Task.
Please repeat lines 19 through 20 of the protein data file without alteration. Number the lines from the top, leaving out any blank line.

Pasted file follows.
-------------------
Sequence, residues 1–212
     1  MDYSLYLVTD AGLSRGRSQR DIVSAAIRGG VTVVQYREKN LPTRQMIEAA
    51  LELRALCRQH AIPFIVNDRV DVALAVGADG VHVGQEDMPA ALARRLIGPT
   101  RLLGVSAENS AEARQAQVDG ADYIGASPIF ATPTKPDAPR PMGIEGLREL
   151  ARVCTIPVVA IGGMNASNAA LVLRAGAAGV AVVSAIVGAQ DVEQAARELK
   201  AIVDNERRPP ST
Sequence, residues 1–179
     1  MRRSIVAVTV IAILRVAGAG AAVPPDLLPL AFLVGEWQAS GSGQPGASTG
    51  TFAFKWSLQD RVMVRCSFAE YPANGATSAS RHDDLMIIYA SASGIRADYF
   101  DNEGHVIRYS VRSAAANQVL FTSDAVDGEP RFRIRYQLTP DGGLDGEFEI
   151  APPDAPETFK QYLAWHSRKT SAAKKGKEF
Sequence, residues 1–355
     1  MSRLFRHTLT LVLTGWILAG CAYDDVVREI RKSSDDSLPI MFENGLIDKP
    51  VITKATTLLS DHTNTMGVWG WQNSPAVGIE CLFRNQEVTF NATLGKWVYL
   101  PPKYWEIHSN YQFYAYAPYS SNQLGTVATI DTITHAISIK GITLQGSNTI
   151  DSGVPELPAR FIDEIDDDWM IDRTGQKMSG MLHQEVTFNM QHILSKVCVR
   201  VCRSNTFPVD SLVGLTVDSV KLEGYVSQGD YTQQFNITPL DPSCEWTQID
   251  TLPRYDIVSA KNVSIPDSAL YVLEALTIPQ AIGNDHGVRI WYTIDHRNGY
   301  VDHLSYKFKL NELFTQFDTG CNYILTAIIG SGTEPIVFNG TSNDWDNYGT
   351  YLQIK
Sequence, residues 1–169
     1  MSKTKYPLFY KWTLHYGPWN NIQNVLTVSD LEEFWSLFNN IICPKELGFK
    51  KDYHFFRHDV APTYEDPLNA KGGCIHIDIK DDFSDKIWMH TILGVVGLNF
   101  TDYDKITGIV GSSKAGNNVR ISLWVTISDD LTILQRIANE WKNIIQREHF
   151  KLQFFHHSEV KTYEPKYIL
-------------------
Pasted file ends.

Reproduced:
   301  VDHLSYKFKL NELFTQFDTG CNYILTAIIG SGTEPIVFNG TSNDWDNYGT
   351  YLQIK